Reporting by ChildFund India
Finish school, or quit and get a job to help support the family?
No child should face that choice. The fact is that in developing countries, many do. Tasleema did.
The third of seven children in her family, Tasleema grew up in one of the poorest communities in Karnataka, in southwest India. Still, her family’s situation was fairly stable, especially once the little girl was enrolled into ChildFund India’s programs and assigned a sponsor as a first-grader.
Two years later, Tasleema’s father had a heart attack and had to stop working. ChildFund’s support made it possible for Tasleema to continue her education while her mother kept the family afloat by working as a cook for a nearby school.
But by the time Tasleema reached the upper grades, her family’s needs had begun to outpace her mother’s income. Tasleema looked at her family’s meager means, her mother’s toiling, her father’s medical expenses — and felt she could no longer pursue what seemed the luxury of an education rather than doing whatever she could to help support the people she loved. She left school before completing 11th grade and set out in search of a job.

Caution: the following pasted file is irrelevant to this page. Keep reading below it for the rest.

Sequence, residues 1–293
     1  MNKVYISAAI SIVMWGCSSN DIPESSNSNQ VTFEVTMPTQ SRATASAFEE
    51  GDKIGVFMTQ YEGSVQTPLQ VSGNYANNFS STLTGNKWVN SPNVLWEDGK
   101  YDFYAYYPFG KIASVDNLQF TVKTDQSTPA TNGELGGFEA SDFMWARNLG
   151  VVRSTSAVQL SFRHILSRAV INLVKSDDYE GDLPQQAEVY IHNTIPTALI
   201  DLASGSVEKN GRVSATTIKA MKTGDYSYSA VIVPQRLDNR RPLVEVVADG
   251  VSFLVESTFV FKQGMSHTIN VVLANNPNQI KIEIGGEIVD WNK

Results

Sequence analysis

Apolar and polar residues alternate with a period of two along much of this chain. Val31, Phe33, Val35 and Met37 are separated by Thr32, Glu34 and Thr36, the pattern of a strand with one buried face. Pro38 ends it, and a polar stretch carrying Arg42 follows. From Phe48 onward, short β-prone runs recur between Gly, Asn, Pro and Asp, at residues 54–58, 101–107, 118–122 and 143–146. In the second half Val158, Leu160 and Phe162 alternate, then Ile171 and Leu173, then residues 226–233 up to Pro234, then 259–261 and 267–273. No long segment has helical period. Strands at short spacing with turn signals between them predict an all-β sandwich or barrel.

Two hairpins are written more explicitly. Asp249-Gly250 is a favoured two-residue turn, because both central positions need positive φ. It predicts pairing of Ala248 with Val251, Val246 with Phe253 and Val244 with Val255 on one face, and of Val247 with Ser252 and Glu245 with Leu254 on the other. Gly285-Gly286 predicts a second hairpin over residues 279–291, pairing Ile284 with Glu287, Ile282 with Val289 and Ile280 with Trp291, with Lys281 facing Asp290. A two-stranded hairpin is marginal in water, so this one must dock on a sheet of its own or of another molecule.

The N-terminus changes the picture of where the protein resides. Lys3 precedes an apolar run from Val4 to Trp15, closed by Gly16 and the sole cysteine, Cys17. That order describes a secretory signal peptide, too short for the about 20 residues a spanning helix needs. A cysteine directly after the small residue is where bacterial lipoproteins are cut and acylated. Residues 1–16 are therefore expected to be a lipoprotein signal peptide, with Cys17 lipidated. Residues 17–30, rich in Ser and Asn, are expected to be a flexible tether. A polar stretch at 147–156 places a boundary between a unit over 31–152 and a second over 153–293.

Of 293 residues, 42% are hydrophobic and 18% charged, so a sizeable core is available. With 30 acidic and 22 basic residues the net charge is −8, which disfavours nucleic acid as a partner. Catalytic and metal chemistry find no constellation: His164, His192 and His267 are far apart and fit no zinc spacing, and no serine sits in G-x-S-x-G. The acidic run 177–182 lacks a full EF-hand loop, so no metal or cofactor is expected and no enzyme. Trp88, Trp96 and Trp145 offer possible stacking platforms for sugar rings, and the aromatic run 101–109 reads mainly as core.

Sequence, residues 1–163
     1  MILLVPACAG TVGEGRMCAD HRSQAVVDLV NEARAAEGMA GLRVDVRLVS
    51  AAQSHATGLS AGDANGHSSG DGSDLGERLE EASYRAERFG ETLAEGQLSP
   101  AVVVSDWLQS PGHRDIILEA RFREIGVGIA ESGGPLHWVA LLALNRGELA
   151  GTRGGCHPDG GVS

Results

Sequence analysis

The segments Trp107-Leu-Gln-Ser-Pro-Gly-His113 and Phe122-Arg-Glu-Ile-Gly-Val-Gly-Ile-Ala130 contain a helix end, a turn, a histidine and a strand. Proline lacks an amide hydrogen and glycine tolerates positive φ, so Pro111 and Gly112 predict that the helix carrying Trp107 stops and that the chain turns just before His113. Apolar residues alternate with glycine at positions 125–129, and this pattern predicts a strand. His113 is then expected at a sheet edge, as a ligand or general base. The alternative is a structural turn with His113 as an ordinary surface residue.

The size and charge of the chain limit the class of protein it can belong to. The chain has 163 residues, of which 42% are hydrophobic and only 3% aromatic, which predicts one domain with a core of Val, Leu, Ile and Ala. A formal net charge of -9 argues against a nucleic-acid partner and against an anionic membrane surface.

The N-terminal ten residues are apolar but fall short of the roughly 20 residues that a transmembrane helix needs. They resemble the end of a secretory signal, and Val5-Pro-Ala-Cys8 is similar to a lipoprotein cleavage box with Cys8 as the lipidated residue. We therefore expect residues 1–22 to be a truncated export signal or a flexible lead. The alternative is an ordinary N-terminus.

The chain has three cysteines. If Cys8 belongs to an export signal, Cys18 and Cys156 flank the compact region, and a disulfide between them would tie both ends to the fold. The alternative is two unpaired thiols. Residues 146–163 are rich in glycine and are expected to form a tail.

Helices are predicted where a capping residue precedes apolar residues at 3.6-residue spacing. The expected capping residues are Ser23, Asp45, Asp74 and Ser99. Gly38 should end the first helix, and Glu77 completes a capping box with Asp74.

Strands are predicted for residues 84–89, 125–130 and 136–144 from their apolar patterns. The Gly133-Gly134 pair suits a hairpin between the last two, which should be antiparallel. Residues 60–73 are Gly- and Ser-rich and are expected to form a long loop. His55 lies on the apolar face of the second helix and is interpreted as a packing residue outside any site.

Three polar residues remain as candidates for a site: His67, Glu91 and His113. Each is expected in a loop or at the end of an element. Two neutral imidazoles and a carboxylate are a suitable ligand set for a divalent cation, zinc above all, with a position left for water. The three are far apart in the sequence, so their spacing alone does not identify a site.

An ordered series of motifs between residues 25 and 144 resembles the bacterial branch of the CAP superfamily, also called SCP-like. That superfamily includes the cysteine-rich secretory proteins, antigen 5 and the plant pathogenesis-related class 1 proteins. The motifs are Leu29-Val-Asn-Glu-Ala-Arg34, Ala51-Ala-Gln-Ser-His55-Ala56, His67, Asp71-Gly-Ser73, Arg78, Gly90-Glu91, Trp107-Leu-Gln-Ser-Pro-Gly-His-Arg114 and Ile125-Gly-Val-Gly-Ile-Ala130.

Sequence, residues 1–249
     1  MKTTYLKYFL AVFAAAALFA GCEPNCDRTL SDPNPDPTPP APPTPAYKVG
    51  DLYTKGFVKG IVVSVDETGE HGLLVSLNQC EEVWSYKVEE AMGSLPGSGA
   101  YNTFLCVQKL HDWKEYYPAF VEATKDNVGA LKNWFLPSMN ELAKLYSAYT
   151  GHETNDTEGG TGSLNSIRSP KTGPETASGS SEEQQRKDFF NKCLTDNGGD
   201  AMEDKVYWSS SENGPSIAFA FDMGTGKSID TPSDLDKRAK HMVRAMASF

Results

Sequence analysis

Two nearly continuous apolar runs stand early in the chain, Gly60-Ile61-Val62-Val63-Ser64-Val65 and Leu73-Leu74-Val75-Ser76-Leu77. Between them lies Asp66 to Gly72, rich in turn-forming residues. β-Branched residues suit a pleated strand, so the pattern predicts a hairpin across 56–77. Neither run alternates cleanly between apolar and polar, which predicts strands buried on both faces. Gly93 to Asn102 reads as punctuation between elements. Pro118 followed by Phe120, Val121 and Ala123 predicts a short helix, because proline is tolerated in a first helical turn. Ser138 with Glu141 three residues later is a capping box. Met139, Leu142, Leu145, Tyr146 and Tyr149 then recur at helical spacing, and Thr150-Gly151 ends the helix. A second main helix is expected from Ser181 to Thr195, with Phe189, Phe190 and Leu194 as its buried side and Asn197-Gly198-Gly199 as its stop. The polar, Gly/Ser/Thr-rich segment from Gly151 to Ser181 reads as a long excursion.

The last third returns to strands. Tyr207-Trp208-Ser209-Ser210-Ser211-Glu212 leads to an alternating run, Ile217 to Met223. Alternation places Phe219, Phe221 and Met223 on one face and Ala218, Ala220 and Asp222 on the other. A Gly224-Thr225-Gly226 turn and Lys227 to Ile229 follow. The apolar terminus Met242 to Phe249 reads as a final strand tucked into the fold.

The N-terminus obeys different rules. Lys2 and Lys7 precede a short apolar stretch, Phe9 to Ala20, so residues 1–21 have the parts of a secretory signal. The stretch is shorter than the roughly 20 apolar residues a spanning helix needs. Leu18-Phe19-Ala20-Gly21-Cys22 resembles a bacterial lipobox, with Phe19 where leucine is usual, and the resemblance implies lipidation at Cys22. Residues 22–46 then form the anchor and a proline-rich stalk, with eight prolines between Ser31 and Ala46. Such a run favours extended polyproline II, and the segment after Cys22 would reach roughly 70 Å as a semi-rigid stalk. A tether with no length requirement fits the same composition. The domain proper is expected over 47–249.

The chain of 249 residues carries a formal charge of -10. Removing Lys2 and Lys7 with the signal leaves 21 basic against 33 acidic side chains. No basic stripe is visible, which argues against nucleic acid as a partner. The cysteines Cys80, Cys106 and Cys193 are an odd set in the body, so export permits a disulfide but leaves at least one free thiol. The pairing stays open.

There were none to be found.
Everywhere she went, she was turned away for lack of employable skills — especially computer literacy. No matter how hard she had worked while in school, no one had use for an unskilled high-school dropout.
But she still had her connection with ChildFund. When ChildFund India staff became aware of Tasleema’s predicament, they invited her to participate in a short-term, combination computer skills-and-English language course. She completed it in three and a half months.
The employment pages of the newspaper now offered new possibilities.
A pharmacy needed a computer operator. Tasleema applied and got the job. Her new salary is enough for her to no longer need ChildFund’s services.
In fact, it is enough for this 18-year-old girl to meet the basic needs of her family, including her father’s medical expenses. It is enough for to take the load off her mother.
What’s left helps pay for her younger siblings’ education — and the greater chance that they’ll take their schooling all the way.